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Commissioner Cathy Engelbert says WNBA won't force Sen. Kelly Loeffler to sell Dream

Cassandra Negley
·Writer
·4-min read

The WNBA will not make Sen. Kelly Loeffler sell her stake of the Atlanta Dream after anti-Black Lives Matter comments in the past few weeks, commissioner Cathy Engelbert said Thursday on CNN.

“We are not going to force her to sell her ownership,” Engelbert said after being pressed about the issue in a segment with CNN’s Poppy Harlow. “She is not a current governor. She is not involved in the day-to-day, and we are aware there are interested parties who want to purchase the team.”

Engelbert, a day ahead of her one-year anniversary on the job, addressed Loeffler’s letter to the league voicing opposition to the social justice movement it will undertake while playing at IMG Academy in Florida. The WNBA Players Association made clear in the wake of the co-owner’s comments that players want her out, and Loeffler made it clear she won’t sell.

Engelbert: We won’t force Loeffler out

Upon repeated questioning from Harlow, Engelbert reiterated the league’s initial statement that Loeffler has not served as a governor for the team since October 2019. She was appointed to an open Senate seat in George by Gov. Brian Kemp in December.

Engelbert said the league is “aware there are interested parties that want to purchase the team” and it’s being worked on. Most importantly, the league is focused on standing by the causes, in this case social and racial justice issues, that matter most to its players, she said.

“We believe in the WNBA platform. What the players want to focus on — and I know some of them have spoken out — but they want to focus on getting owners in who otherwise are supporting what they stand for. And that’s what we’re working on.”

The focus on social justice begins the first weekend, when players will wear jerseys featuring the name “Breonna Taylor” on courts that read “Black Lives Matter.” Tipoff is July 25 between Sabrina Ionescu’s New York Liberty and the 2018 champion Seattle Storm, featuring the return of Sue Bird and Breanna Stewart.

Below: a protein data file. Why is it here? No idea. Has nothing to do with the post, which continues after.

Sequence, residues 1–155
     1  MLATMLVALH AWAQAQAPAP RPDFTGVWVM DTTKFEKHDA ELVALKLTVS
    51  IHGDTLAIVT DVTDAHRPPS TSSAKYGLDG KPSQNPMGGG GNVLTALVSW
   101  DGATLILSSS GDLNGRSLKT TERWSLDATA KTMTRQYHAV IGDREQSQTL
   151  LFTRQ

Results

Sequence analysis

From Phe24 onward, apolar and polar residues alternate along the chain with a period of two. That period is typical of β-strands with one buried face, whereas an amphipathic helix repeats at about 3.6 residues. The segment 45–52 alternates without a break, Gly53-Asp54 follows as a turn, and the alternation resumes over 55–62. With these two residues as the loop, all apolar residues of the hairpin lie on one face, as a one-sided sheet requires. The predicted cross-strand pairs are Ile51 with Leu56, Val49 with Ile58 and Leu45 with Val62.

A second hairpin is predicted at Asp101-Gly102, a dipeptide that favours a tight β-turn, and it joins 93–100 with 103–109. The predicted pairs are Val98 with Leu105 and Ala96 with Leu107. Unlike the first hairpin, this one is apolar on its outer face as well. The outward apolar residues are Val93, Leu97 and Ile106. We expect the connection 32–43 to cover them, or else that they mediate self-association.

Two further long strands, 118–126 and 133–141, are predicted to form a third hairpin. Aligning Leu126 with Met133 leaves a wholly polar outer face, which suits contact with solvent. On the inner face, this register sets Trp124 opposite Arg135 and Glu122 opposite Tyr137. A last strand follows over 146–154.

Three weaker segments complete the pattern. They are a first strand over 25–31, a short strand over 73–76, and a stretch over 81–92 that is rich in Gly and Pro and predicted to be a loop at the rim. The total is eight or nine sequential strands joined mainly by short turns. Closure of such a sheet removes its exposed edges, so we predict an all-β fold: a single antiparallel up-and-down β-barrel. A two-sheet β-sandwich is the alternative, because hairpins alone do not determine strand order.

Engelbert’s situation is familiar

Harlow reference the oft-used comparison of former Los Angeles Clippers owner Donald Sterling in April 2014. Sterling was caught on audio making racist remarks, including telling his girlfriend “it bothers me a lot that you want to broadcast that you're associating with Black people.” He also had a history of racist incidents.

NBA commissioner Adam Silver, also in his first year on the job, fined Sterling $2.5 million and banned him for life. He was not allowed to attend any NBA games or practices, be present at the Clippers’ facilities, participate in personnel decisions or attend Board of Governors meetings. It was the harshest move he could make under his powers.

The NBA owners were set to vote him out of ownership after that using a provision in the NBA constitution. It required a three-quarters majority vote and owners believed they had it, but canceled the scheduled vote after a sale was set in motion.

Loeffler and Mary Brock have co-owned the team since 2011. There were already reports they have been working to sell the team over the past few years. The last WNBA team to undergo a sale was the Liberty to Brooklyn Nets owner Joseph Tsai that went through in January 2019.

Loeffler’s use of team for senate campaign

WNBA Commissioner Cathy Engelbert speaks at a press conference where Washington Mystics forward Elena Delle Donne was named the 2019 WNBA most valuable player, Thursday, Sept. 19, 2019, in Washington. (AP Photo/Nick Wass)
WNBA commissioner Cathy Engelbert is facing a 'Donald Sterling moment' in her first year on the job. (AP Photo/Nick Wass)

Engelbert said she was surprised to receive the letter from Loeffler given her previous interactions with the owner and her support of “women’s issues, of women’s empowerment, and [she is] very interested in her players and what they stand for.” That was a similar reaction to former Dream star Layshia Clarendon.

Loeffler is in a race for her senate seat against 20 other candidates and is not the favorite entering the final four months. She is trying to win votes from the more conservative-supported Rep. Doug Collins.

Her campaign received donations from major corporations, such as AT&T, Google, Sony and Target. At least one, Boston Scientific, said it will no longer support her campaign, Jedd Legum and Tesnim Zekeria reported for Popular Information.

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